Richard Manning: “Against The Grain”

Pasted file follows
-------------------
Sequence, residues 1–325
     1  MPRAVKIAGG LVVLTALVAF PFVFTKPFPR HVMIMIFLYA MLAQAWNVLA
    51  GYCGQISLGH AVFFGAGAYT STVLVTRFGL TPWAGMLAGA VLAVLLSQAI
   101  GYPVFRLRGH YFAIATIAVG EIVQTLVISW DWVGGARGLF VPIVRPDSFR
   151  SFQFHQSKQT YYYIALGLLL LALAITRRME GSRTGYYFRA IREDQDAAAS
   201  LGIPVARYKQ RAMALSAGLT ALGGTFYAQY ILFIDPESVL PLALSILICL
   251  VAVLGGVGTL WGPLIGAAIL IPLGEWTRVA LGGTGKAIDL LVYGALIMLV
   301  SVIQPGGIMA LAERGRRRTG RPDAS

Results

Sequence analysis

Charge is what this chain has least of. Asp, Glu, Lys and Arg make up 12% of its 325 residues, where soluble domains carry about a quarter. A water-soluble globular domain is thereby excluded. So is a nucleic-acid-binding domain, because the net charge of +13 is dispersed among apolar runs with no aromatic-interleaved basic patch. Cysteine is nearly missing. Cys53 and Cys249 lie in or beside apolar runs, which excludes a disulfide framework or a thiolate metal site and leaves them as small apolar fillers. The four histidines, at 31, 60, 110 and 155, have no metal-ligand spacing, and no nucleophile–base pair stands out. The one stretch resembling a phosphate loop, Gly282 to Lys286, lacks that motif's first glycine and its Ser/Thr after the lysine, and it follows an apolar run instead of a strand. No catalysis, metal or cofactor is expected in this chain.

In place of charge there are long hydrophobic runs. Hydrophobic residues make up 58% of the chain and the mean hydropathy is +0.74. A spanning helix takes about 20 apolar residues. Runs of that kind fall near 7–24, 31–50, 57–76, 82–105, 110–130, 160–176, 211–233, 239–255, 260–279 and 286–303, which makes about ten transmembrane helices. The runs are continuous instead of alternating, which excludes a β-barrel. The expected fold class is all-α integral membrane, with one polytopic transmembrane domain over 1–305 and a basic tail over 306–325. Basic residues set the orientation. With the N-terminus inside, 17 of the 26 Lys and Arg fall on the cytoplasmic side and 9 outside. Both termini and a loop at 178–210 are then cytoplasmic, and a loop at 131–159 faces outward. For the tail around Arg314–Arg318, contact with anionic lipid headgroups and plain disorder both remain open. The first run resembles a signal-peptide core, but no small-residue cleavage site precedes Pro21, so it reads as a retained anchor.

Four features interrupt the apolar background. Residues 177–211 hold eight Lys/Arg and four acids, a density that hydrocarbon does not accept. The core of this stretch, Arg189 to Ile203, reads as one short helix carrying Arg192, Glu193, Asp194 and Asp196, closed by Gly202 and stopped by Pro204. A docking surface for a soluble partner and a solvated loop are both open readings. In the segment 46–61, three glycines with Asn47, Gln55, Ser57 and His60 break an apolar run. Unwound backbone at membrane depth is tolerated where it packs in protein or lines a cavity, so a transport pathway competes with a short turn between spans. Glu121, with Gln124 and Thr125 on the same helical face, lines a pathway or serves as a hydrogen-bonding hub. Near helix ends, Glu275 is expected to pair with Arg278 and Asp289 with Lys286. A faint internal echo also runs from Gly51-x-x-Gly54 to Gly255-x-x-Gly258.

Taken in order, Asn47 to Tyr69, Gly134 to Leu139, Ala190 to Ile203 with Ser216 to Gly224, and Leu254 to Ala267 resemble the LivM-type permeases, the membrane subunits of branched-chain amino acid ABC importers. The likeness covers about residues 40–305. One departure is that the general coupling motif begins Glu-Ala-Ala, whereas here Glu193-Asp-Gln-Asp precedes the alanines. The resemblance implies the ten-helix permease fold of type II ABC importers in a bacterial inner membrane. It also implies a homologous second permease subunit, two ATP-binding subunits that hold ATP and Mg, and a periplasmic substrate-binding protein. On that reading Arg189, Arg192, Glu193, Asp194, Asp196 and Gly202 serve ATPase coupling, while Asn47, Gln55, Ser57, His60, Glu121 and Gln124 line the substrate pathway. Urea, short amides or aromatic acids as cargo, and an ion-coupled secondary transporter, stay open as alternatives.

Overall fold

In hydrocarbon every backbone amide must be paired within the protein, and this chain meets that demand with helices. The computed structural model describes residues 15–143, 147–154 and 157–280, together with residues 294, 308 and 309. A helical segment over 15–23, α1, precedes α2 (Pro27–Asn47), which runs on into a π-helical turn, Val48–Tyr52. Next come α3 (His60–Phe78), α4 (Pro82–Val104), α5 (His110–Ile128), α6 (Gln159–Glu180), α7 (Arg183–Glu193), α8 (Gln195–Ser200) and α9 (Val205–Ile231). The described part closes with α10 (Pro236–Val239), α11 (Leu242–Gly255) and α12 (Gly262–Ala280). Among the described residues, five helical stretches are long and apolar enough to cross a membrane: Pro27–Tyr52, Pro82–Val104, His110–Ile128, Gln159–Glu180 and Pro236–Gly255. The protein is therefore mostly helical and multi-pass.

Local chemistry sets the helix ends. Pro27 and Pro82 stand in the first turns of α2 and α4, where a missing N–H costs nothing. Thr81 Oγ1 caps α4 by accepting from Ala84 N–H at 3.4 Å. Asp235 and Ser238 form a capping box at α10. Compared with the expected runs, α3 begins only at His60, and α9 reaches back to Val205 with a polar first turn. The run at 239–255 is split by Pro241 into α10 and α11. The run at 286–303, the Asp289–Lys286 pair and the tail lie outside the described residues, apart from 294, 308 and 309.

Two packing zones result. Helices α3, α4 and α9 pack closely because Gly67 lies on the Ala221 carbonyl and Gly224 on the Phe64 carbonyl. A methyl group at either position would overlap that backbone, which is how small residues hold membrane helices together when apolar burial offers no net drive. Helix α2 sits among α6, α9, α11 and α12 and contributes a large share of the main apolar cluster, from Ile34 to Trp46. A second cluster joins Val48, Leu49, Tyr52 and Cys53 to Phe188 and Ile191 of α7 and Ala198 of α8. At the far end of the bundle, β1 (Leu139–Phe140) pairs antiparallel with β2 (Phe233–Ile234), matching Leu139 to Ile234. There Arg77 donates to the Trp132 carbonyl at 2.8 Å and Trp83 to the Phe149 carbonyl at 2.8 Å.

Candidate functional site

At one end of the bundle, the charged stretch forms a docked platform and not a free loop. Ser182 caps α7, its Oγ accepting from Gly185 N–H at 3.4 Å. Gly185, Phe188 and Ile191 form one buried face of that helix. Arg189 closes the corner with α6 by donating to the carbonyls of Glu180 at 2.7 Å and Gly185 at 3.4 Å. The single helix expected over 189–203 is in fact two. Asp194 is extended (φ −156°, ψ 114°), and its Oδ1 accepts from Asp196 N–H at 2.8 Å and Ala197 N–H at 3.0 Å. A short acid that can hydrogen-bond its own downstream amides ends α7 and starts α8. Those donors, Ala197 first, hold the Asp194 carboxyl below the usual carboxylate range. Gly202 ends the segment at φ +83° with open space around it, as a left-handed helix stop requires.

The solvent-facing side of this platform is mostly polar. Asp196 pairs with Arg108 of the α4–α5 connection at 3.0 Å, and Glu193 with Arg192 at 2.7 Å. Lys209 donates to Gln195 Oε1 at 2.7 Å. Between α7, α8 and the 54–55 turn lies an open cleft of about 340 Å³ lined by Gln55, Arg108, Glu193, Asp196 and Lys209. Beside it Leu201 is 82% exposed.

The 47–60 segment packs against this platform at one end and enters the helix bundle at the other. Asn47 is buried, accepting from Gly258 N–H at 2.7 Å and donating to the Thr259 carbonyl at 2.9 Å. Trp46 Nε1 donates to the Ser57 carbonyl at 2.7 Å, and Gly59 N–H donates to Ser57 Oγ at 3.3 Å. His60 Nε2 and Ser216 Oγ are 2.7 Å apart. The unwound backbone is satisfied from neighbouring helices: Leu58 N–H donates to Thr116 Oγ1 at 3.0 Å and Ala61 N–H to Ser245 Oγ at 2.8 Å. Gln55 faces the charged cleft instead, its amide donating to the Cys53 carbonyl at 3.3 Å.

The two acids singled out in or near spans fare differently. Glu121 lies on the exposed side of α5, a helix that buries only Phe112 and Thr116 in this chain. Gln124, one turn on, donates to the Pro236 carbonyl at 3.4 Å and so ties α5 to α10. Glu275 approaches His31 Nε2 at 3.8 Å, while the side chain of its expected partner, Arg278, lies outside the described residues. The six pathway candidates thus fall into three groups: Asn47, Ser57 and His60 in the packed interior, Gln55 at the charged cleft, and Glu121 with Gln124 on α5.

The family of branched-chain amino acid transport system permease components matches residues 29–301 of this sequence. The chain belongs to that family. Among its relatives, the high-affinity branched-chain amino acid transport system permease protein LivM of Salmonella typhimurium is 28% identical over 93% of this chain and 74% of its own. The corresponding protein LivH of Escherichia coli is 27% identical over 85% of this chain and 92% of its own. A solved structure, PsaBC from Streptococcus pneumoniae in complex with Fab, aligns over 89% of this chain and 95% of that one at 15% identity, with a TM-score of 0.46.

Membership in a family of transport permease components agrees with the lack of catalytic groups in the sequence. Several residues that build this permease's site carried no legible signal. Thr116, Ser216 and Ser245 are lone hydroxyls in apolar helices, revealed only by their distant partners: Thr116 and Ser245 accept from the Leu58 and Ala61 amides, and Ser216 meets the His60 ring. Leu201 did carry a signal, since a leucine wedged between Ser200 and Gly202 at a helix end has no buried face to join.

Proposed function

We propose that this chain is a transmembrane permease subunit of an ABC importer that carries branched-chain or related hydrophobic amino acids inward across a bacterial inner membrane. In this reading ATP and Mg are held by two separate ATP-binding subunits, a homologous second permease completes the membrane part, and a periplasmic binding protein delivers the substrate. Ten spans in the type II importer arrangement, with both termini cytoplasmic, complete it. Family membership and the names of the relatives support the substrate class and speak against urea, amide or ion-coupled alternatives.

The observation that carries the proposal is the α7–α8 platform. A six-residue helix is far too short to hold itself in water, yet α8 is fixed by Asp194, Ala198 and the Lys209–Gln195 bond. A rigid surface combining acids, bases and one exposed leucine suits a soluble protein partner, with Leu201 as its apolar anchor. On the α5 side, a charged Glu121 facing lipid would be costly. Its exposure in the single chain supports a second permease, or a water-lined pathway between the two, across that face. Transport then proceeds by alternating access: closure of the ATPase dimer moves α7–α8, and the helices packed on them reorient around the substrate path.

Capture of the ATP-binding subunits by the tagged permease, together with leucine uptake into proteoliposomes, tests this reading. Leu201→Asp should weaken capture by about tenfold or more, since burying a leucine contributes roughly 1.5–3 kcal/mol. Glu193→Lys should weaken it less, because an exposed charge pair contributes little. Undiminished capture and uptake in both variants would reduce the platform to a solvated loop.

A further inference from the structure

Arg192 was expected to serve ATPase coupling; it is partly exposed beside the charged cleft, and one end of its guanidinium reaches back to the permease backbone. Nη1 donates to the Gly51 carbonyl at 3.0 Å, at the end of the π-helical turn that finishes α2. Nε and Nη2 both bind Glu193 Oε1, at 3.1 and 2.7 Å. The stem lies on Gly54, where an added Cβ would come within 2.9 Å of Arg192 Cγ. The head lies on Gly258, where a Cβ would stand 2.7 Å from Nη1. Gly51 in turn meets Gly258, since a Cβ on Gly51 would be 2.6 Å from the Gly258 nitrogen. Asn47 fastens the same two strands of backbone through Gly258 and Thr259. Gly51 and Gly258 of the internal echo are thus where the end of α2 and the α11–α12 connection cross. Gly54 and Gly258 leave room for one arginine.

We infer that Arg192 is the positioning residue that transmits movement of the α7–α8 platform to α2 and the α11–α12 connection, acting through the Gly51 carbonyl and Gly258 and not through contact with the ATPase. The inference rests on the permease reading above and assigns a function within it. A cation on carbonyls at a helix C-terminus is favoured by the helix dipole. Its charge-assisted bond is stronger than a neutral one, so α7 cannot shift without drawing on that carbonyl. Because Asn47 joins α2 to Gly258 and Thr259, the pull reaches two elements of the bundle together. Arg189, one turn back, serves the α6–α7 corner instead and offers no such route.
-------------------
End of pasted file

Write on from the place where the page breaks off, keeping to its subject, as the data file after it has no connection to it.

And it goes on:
“America’s Northeast was once U.S. agriculture’s major force, with farms supplying the country’s densest clusters of population.  The Northeast now does very little farming, and most of the agricultural lands have gone back to forest or suburbs, an odd transition in that these are in some ways the nation’s best agricultural lands.  Unlike the western grasslands, the Northeast gets enough rain to grow crops.  The decline came as a result of a particular form of subsidy: federal irrigation projects.  Beginning at the height of the progressive era, the nation set to work on making the western deserts bloom, investing billions in dams, canals, tunnels, and drains to bring nine million additional acres under cultivation.  The historian Donald Worster has shown that this figure exactly parallels the acreage of abandoned farms in the Northeast – land that already had water – during the same period.  What industrial agriculture abandons is opportunity.”

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